smiths at the Black Rock.
FRANK SABLE--Scabbing on pipe
fitters at Black Rock, also scabbed
all during the miners' strike in
1917.
JIM SKIDD-Doing machinist work
at Timber Butte mill; 3100 block
Placer st.
JOE WATSON-Shift boss, doing
machinist work at Timber Butte
mill; 3100 Busch street.
BOB SLATER-Working on repair
gang at Black Rock mill.
J. C. STEPHENS--Working on re
pair gang at Black Rock mill.
D. E. YOUNG---Working on repalt
gang at Black Rock mill.
H. THOMPSON-Working on repair
gang at Back Rock mill.
ZUHAL-Working on repair gang at
Black Rock mill.
PAUL BESSO-Sharpening steel at
Black Rock mine; 52 Atlantih
street.
WILBUR VIVIAN-Working as pipe
fitter at Leonard mine; 1925 Flo
rida avenue, Butte.
STEWART WRIGHTSON--Scabbing
on pipefitter at Leonard mine; Mc
Queen addition.
JOSEPH BICHARDS-Shift boss.
doing blacksmith work at Paulin
mine; 49 Missoula avenue, Butte.
ALBERT CLARK-Shift boss, help
ing blacksmith at Paulin mine; 56
Missoula avenue, Butte.
aU. . QleU LtriLl Y -Doig macninist
and electrical work at Timber
Butte mine; 1145 West Antimony
street, Butte.
IR. McGILVARY-Doing machinist
and electrical work at Timber
Butte mill; 3041 Bush avenue,
Butte.
BERT CLARK-Sharpening steel at
Buffalo mine.
FREDI) MERRYAN - Shift boss,
sharpening steel at Tramway mine.
FRED BROCKLENS-Boilermaker
and machinist work at the Stewart
mine; lives at corner of Dakota
and Gold.
IIUG H GIBSON-Sharpening steel at
Never Sweat mine; 2537 Harvard
avenue.
JOE McNiULTY-Doing plumbers
work at the School of Mines; 2000
Utah avenue.
ED PLANAPH-Shift boss, sharpen
ing steel at the Pennsylvania mine.
MORII1S--)oing machinist work.
TIRUCE W ILLIAM-Doing machinist
work at the Elm Orlu.
('H-RIS WALKER-Sharpening steel
at the Elm Orlu.
L. A. SINKS--Sharpening steel at
the Elm Orlu.
JACK HODGE--Sharpening steel at
the Elm Orlu.
[AUDEN-Sharpening steel at the
Elm Orlu.
iO'NEIl--Convicted of murder in
Madison county; doing electrical
work at the North Butte mine.
LEW CARR--Shift boss, of the dia
mond drill workerg; repairing ma
chines; gunman in Deer Lodge in
1917; lives at the southwest cor
nor of Gaylord and Mercury.
-DAN McINTOSH--.Doing machinist
work at Southern Cross; this Tnan
a member of' the Typographical
union,
.IERRELL WILKENS-Doing ma
chinist work at the Mountain Con
mine.
WM. SEX--Sharpening steel at
Speculator mine; 1414 Schley ave
lle.
L. M. CORREL----A scab, Anaconda.
KENNETFI McKENZIE - A scab,
Anaconda.
IM. R. McIKENZIE-A scab; Ana
conda.
I. LEE WEISII-A scab; Anacon
da.
WILLIAM MITCIHELL-Shift boss
at Pittsmont. repairing machines
MARSHAL TULFORD-Scabbing on
the metal trades at Elm Orlu mine.
WILLIAM WAFSTEAD -- Scabbing
on machinists at Elm Orlu.
BURT' BRATTLUND-Stuart mine,
scabbing on machinists.
OLIE NORIFF- Scabbing on metal
trades at Mountain Con mine.
I. ,MAGNUSON--Scabbing on ma
chinists at the Pittsmont smelter.
I Lives in McQueen addition.
E. BIECKERE-Scabbing on machin
ists at the Pittsmont smelter.
Lives in McQueen addition.
SI-. C. PEALOW-535 West Silver
st rect, scabbing on the electricians.
This man worked a continuous
shift in 1917 at the Butte hoist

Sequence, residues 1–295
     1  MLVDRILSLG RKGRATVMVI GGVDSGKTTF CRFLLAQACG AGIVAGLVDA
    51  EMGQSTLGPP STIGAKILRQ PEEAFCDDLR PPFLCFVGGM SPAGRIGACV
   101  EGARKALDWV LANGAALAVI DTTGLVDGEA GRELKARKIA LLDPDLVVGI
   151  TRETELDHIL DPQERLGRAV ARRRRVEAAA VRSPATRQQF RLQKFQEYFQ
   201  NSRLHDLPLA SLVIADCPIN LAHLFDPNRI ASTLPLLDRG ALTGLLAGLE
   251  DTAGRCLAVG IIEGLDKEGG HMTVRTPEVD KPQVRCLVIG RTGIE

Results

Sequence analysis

compressor. He stated to trial
board that he stayed on the Jqb
to keep the engineers from taking
the jurisdiction.
J. J. McGRATH-1156 West Silver
1 street. Another good scab;
worked during 1917; not satisfied
with scabbing for A. C. M.. he is
also scabbing at the Davis-Daly.
t ED DE MARS-125 West Galena;
commonly known as "Nig" De
I Mars. The electricians are sur
t prised at this man, as he was al-.
A ways considered a good fellow.
A JAP. name unknown, repaired
t hoisting engine on the 2,100-foot
level at the Stewart mine on
Oct. 7.
W. S. GUTHRTE-1106 West Plati
num street. scabbing at the Butte
hoist and compressor plant on the
electricians and mahlinists.
JOHN lHAMILTON---Lives on the
west side. Scabbire on the elec
tricians at the L.,unard. Com
monly known as "Hog Island
John'; :says he nel,-r had a card
and never will, and ,e guess he is
right.
The 'following shift bosses are
scabbing. at the Tramway:
CHAS E. POWEL, - Scabbing on
the ,horseshoers.
FRED MERHTING-Scabbing on the
blacksmiths.
CON ELBERT AND JACK GONI
NON-Scabbing on the machin
ist s
WARREN COLLIER. Harrison av
enue; scabbing on the black
smiths at Neverswna~i.
\NDREW ANDERSON is sharpening
steel at the Speculator..
'ING CONSION, alias "Tennessee,"
is scabbing on the machinists at
the Grey Rock.
TIM CONNELL and LETIIGH, both
shifters,. are scablbing on the
blacksmiths at the H.ll and Dia
mlond.
ODGER YOUNG, oiler. is scabbing
at the smelter in Anaconda. This
is the only one of the men on
strike who deserted the ranks and
went back to work.
PAT DOHERTY is scabbing on the
engineers, (the engineers are on
strike in Anaconda, not Butte-
Oh, no!), in the smelter in Ana
conda.
CHRIS STRAKAL -- Scabbing on
blacksmiths at Anaconda smelter.
WES'TLEY HAYS-Scabbing on en
gineers at Anaconda smelter.
IONATHAN SEWELL - Formerly
sup"rintendent power house, now
scabbing on engineers at Ana
conda.
IIM ALLEN-Repairing machines
on 1,200 level at Black Rock.
formerly worked at Travonia
imine; Centerville.
IH. W. U'NEII--Boss over all scabt
at Speculator; formerly boss nip
ner: East Second.
HARRY NORTHL-1412 4th street.
Walkerville; scabbing on black
smiths at the Elm Orhlu.
SAM 'SIE KOLMAN-- HIelping scab
Fullford at the Travonia mine:
this man was at the Elm Orlun, but
could not make good.
JIM WHITE-Still scabbing at the
Col rado.
AL ASIHIBURN-Scabbing on the
electricians at the Badger mine.
TIM HARRINGTON--Apex hotel;
this man scabbing on the elec
tricians at the Badger. We would
advise the electricians to take no
tice of this man as he has hopes
of being a journeyman some day.
AUBRY STEPHENS-209 Watson
avenue; scabbing on the elec
tricians at the Leonard mine. This
bird had a bright future ahead of
him before the strike.